Interesting. I read this book during the winter of the previous year and remember thinking that if I stepped outside the ground would suddenly be covered with snow. The bleak, winter landscape sets the tone for the entire piece. It was beautiful and depressing all at once. I, too, was amazed at Wharton's ability to capture the essence of a character she had no experience with. I enjoyed the novel enormously, and am glad to hear you did as well. The ending was, well, fitting. Wharton always goes out with a gloomy bang. I'm not sure I felt that Ethan should have been punished for his desire for a life with Mattie. It seemed more than simply physical. However, I often question the attraction between a character so deeply depressed and his desire to have Mattie. It seems like a way to escape. This post has encouraged me to re-read my copy.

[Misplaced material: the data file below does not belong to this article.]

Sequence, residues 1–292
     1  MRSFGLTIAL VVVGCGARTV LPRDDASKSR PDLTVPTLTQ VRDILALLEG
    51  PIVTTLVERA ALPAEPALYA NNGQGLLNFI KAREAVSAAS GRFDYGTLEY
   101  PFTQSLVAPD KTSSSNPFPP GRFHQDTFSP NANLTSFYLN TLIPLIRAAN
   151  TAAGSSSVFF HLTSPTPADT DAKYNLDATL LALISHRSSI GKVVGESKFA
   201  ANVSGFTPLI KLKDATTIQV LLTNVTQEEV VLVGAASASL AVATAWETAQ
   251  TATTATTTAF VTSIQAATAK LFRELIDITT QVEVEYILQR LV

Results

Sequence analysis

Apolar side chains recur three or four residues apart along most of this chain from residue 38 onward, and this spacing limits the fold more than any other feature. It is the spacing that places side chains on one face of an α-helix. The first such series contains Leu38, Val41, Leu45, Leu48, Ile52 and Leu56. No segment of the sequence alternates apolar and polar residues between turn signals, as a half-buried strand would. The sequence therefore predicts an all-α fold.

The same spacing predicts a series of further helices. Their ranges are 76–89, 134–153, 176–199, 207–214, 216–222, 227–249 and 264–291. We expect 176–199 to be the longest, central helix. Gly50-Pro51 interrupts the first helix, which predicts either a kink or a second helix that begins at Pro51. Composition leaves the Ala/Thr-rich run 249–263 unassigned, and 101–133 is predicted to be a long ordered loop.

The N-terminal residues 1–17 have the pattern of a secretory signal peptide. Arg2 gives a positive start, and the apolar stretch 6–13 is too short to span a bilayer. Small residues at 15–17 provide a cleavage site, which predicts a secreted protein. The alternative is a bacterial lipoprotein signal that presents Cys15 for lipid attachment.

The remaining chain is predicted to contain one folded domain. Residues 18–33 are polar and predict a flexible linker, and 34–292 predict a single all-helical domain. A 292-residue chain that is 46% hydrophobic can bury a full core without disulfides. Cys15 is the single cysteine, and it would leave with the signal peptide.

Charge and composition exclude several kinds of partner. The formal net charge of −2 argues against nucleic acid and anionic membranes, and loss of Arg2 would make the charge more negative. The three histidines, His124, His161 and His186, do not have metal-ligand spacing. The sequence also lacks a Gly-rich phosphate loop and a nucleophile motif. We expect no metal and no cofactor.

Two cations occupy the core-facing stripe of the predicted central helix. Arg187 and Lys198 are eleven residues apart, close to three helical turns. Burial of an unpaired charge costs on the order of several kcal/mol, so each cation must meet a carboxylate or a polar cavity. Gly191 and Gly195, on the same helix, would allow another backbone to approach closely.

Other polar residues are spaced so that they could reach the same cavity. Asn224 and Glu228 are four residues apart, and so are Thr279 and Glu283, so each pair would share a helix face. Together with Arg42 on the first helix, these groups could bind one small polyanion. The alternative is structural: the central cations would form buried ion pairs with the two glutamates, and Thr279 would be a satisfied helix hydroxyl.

Zibilee said...

My husband actually prompted me to read this book, but he sort of gave away that there was a twist to the ending, so I was looking for it, and it didn't have quite the same impact on me that it should have. I had a curious reaction to this book because when I finally turned the last page, I almost hated it (except for that twist) and as the years have passed by, I grew to love it, and now want to read it again. I do agree with you that the winter scenes evoked such a great degree of realism and ambiance to the story.

Avid Reader said...

I loved this one, so heartbreaking. The ending was so poginant. To Ethan, Mattie embodied life and hope and everything good that he was missing in his stale life. Then in the end she becomes one more tie, completely void of joy and life, holding him in his horrible situation. So tragic.

Brenna said...

This was the first Wharton I read as well. I thought it was beautiful. She sure does have a knack for writing fantastic heart-breaking endings.

Kristi said...

This was my first experience with Wharton and I was impressed. It's so heartbreaking. I thought the choice of sledding was kind of dumb, but it didn't keep me from enjoying the book. It's sad that they were all essentially trapped in their situation.

Sam said...

I haven't read any Edith Wharton - just never felt drawn to until now.